Unified Conscious Capitalism Statement | RealWealth

Unified Conscious Capitalism Statement

Raising the Rent When Tenants Are Struggling

Being a landlord is a business, and when you are in business, the first rule of thumb is to make money. That’s often done by raising rents, but what do you do when tenants are struggling? There’s no one-size-fits all solution, but weighing the options under the umbrella of “conscious capitalism” will help you make the right decision – a decision that’s right for the landlord and fair for the tenant(s).

What is Conscious Capitalism?

“The term conscious capitalism refers to a socially responsible economic and political philosophy. The premise behind conscious capitalism is that businesses should operate ethically while they pursue profits. This means they should consider serving all stakeholders involved including their employees, humanity, and the environment—not just their management teams and shareholders. The idea of conscious capital was created by Whole Foods co-founder John Mackey and marketing professor Raj Sisodia.” – Investopedia

Comments/Advice from our RealWealth Leaders

Kathy Fettke, Co-Founder/Investor: “This topic is very timely. I often hear about investors who are “pushing rents.” I understand that landlords need to raise the rent to cover costs and earn a living, but they also need to be sensitive to tenant needs. Double-digit rent increases do not show sensitivity. Unreasonably high rents may also trigger political consequences, such as rent control. And, highly restrictive rent control can be bad for everyone if the landlord can’t afford to pay for maintenance and repairs. But I do believe in maximum allowable rent increase controls to keep bad landlords in line — like the ones that take advantage of natural disasters by jacking up the rent on tenants desperate to stay in the area or replace a home they’ve lost. A balanced landlord/tenant relationship is a better goal.”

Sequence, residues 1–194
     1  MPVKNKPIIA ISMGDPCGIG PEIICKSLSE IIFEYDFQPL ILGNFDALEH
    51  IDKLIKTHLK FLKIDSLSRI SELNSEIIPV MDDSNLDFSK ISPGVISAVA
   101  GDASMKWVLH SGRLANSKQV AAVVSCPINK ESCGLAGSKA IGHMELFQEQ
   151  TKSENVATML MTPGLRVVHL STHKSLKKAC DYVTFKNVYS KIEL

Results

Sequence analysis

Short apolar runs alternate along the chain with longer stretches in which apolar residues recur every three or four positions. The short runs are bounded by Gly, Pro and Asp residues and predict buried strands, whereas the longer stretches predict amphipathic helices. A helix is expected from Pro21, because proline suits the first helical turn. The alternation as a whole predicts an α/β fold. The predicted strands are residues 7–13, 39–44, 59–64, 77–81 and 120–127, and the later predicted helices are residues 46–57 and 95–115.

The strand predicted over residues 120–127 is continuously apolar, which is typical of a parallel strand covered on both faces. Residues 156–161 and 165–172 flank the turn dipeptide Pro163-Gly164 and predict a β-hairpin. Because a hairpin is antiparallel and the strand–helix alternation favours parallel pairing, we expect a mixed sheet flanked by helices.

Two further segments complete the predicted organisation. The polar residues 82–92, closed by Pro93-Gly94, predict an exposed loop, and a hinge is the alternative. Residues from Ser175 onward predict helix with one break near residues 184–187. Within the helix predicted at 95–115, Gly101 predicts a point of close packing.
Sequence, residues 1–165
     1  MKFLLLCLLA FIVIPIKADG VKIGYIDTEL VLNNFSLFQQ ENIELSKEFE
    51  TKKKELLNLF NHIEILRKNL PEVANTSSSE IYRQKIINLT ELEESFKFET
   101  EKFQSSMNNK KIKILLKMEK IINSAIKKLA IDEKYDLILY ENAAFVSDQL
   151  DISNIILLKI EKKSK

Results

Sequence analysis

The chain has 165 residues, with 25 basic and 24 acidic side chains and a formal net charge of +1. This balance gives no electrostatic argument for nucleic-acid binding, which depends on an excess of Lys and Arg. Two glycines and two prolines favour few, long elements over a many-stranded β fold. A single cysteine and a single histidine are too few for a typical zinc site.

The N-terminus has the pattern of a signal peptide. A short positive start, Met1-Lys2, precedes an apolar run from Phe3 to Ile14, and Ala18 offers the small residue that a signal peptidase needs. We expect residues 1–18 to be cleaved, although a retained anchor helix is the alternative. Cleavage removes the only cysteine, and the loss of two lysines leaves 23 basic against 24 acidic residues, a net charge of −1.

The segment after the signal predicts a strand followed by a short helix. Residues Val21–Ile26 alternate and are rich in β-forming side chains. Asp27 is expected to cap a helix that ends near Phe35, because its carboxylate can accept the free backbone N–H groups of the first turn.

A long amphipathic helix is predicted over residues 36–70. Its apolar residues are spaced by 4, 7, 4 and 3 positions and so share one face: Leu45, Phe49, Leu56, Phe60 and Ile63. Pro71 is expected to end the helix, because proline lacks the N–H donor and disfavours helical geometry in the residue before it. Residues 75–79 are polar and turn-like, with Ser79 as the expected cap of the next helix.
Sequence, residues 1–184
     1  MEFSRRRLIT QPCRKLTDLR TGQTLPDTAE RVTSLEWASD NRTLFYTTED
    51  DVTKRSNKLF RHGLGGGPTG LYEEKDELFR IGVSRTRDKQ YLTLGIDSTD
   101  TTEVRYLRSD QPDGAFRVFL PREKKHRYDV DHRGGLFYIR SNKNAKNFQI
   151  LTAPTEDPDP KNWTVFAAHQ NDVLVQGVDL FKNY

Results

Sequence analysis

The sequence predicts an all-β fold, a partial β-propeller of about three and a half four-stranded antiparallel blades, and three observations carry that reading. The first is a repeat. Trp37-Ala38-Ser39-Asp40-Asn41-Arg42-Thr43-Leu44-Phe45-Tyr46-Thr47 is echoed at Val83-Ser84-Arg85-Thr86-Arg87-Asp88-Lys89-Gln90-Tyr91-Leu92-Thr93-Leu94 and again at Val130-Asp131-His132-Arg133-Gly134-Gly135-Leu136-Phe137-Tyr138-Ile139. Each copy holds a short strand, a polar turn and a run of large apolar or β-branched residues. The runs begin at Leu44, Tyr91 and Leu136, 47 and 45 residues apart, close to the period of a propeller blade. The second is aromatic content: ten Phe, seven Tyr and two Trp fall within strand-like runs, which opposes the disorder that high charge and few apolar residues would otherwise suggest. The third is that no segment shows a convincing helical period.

Rich Fettke, Co-Founder/Investor: “It’s best to impose smaller, incremental rent increases each year, than to wait a few years and ask for a big rent increase. But the amount of an increase is very specific to the rental market, so if that market is not where you live, it’s best to confer with the property management company. One way to ease the pain of a rent increase is to update or fix something for the tenant in unison with the increase.”

Joe Torre, Investment Counselor/Investor: “My rent increases start with the property managers. I ask them what the current maximum is for market rate rents, and then I try to find a happy medium to retain the tenant. It’s a win/win for both sides. It’s important to remember that the best tenants have options. If you try to squeeze every last dollar of rent from them, the good tenants will leave, and you’ll be stuck with the tenants that don’t have options.”

Aristotle Kumpis, Investment Counselor/Investor: “I typically raise the rent every two years unless the rent is well below market rates and in need of a yearly increase. But I consult with my property manager about whether we should raise the rent or not. It’s also important to keep track of leases and rent levels yourself so you can remind the property manager to review them. I find that you often have to give them a nudge!”

Leah Collich, Investment Counselor: “Some tenants wrongly assume that all landlords are rich. In reality, investor margins can be extremely small, particularly at the beginning. Costly repairs or a problematic tenant can leave a landlord recouping losses for several years. Landlords offer a service to tenants who agree to pay a fixed price in rent instead of the variable expenses associated with homeownership. Over time, these expenses go up for landlords, so rent prices must also go up, but there is a difference between predatory rent increases and necessary market rate increases. Appropriate rent increases allow for continued quality service for tenants.”

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